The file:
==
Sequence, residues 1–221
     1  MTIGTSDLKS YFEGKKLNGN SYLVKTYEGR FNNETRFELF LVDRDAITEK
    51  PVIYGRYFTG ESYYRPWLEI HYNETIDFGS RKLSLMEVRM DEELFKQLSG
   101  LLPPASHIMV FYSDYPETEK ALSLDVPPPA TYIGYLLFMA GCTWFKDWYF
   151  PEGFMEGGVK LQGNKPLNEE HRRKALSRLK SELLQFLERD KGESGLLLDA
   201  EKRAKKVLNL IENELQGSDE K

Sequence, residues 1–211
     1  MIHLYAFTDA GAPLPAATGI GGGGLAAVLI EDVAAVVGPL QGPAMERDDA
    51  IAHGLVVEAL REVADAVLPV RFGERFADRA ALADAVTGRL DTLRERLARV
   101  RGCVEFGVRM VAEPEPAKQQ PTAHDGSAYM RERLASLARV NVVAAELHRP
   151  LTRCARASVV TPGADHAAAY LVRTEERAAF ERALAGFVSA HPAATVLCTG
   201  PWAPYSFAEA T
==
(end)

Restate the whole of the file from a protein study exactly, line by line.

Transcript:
Sequence, residues 1–221
     1  MTIGTSDLKS YFEGKKLNGN SYLVKTYEGR FNNETRFELF LVDRDAITEK
    51  PVIYGRYFTG ESYYRPWLEI HYNETIDFGS RKLSLMEVRM DEELFKQLSG
   101  LLPPASHIMV FYSDYPETEK ALSLDVPPPA TYIGYLLFMA GCTWFKDWYF
   151  PEGFMEGGVK LQGNKPLNEE HRRKALSRLK SELLQFLERD KGESGLLLDA
   201  EKRAKKVLNL IENELQGSDE K

Sequence, residues 1–211
     1  MIHLYAFTDA GAPLPAATGI GGGGLAAVLI EDVAAVVGPL QGPAMERDDA
    51  IAHGLVVEAL REVADAVLPV RFGERFADRA ALADAVTGRL DTLRERLARV
   101  RGCVEFGVRM VAEPEPAKQQ PTAHDGSAYM RERLASLARV NVVAAELHRP
   151  LTRCARASVV TPGADHAAAY LVRTEERAAF ERALAGFVSA HPAATVLCTG
   201  PWAPYSFAEA T